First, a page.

I saw my own sorrow reflected so perfectly in the pale, tired expressions of Louise. I saw myself in her outward strength, caring for everyone else – and the palpable exhaustion of grief. I saw the mother’s love which would do anything for her child and then the devastation that followed when it all proved not enough – there were so many similarities between Louise and myself. Over the last six years, I sojourned through the valley of the shadow of death and had come out on the other side. Still, I didn’t enjoy a Saturday movie night reminding me of all that I had endured and lost.

ARRIVAL’s narrative shifted after the first ten-ish minutes, so I stuck it out. It appeared that the loss was in the past and now Louise was a single woman marching on in the present, suddenly thrown into the perfect distraction for her grief. I was not surprised when she stepped into harm’s way to communicate with the Aliens, called Heptapods; she had no one left to live for.

Spoiler alerts ahead.

Once Louise began utilizing her linguistic expertise with the Aliens, her memories of her daughter started to reappear. By the end of the movie, we realize, with shivers of awed awareness, that we had in fact been watching her future (though the Heptapods were actually trying to show that time is not linear at all). Through Louise’s interactions with the two aliens on their ship, which hovered above a vast space in Montana, she began to experience their omniscient understanding – all knowing – and thus, she finally comprehended the Heptapods’ message. In 3,000 years something would happen and everyone needed to be prepared.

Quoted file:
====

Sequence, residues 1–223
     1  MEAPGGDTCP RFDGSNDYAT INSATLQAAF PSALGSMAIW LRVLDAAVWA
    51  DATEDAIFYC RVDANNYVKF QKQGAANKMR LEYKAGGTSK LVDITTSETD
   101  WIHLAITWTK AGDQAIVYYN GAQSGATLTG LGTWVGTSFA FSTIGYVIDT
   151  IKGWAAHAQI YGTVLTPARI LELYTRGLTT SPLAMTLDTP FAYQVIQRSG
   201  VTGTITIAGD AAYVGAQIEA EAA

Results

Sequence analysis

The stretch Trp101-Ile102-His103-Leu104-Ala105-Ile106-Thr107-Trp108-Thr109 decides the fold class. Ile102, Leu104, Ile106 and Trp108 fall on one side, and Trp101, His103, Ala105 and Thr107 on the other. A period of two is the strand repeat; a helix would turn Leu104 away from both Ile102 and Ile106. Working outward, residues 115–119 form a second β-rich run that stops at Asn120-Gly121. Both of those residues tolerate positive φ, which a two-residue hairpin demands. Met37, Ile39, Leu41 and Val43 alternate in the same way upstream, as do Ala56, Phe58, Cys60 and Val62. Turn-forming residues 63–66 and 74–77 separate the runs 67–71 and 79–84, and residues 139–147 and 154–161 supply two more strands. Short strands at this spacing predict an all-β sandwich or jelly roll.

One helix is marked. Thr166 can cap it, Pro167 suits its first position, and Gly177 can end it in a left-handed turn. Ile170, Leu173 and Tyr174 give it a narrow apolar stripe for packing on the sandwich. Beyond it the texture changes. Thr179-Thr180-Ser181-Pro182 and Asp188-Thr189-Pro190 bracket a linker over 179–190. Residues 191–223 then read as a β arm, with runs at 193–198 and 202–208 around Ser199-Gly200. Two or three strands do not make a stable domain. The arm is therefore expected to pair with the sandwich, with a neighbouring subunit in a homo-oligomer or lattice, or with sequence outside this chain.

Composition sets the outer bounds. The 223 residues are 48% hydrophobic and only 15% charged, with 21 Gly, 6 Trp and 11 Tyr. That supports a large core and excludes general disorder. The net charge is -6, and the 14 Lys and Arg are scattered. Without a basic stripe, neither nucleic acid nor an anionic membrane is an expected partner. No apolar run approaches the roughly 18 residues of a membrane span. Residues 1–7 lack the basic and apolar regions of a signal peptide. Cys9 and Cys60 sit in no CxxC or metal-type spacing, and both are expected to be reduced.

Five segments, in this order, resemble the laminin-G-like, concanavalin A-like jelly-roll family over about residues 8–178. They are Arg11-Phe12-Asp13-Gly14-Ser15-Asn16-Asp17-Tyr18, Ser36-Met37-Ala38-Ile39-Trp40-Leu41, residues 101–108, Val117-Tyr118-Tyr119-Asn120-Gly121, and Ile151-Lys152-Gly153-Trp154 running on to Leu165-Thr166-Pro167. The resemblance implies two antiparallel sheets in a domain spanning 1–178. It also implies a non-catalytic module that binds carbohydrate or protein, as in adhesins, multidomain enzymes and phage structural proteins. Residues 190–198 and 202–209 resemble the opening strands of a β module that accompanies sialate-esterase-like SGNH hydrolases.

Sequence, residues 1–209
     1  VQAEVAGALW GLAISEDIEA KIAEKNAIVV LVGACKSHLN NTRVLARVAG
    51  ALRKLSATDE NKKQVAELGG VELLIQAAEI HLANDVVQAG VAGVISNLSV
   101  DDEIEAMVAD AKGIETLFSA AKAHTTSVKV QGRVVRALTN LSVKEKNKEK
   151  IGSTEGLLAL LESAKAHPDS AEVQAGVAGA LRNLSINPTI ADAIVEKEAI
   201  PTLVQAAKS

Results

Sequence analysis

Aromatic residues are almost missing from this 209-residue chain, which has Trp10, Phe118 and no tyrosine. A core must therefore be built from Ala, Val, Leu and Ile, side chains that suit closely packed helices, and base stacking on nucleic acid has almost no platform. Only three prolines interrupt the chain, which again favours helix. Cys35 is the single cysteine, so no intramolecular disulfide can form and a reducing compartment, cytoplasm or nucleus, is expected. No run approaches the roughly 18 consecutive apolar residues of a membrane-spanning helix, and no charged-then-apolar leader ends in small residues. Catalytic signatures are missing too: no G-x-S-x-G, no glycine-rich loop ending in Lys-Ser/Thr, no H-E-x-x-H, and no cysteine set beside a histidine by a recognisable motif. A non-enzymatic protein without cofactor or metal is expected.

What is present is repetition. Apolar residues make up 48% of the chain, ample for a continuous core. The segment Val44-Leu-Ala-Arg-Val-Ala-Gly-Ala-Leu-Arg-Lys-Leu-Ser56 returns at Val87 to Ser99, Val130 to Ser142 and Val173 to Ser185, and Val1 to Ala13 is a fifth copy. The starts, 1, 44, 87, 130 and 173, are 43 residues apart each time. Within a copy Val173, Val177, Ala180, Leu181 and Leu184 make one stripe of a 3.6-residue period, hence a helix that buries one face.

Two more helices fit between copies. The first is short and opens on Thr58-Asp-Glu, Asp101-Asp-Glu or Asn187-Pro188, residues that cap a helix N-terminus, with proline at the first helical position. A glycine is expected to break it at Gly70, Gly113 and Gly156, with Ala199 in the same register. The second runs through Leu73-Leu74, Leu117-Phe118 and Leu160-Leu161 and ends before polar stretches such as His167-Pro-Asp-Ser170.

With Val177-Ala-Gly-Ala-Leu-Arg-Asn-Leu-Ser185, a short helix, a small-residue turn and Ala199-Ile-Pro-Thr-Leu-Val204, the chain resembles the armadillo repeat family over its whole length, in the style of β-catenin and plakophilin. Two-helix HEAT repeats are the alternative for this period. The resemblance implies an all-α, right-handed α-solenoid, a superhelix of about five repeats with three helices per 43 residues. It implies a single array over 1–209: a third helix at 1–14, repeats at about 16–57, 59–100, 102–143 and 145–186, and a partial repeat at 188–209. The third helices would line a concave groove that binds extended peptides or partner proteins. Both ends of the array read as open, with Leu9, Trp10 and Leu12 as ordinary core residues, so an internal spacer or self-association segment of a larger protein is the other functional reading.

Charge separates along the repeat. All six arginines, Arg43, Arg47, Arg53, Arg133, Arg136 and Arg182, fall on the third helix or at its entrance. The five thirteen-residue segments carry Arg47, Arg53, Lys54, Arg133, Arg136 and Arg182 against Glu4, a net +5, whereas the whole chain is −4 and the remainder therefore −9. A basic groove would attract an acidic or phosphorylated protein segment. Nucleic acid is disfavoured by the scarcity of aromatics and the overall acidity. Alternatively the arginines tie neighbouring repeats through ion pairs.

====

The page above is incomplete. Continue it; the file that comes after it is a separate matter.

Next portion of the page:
The impending situation three kiloyears in the future was not what profoundly affected me. It was what would happen within the next ten years that spoke volumes. That was where ARRIVAL got parenting exactly right.

When looking into the future, Louise saw what was to come in her life. She would unite with her fellow scientist, Jeremy Renner, played by Ian Donnelly, and they would conceive a child. That little girl, named Hannah (which is creepy for me because my oldest is also named Hannah), would not recover from a devastating cancer. Jeremy would be angry and walk-out on Louise since she knew that this would happen and did not tell him and he would have chosen a different path if he had known.

Everyone is different, but I Louise’s decision resonated with me. Even though my family and I have had years of heartache mourning Zachary and figuring out our “new normal” after such a loss, I would make a similar decision as the protagonist of ARRIVAL rival. Even knowing the outcome, if I had the choice, I would still conceive and carry Zachary. I love my son. Present tense. I treasure his life, no matter how brief. My kids are my everything.

What has become abundantly clear to me since Zach’s death is that love can never be torn away from a person, or a parent, no matter what happens. Love lives on. This loss is a precious gift. (If I had the ability, however, to change the outcome, so my child lived, I would do that without hesitation.)

I wept at the end of ARRIVAL. It moved me. It allowed me to pause and appreciate all that has happened to my family and me; all the good that came out of the bad, which I now believe is Zach’s legacy in the world. The movie also opened the space for me to pause in gratitude for all my children, Hannah, Zachary, Eden, and Luca; and for the joy of being Mom. (And, I must admit, the sixteen-year-old babysitter has better taste in movies than I expected.)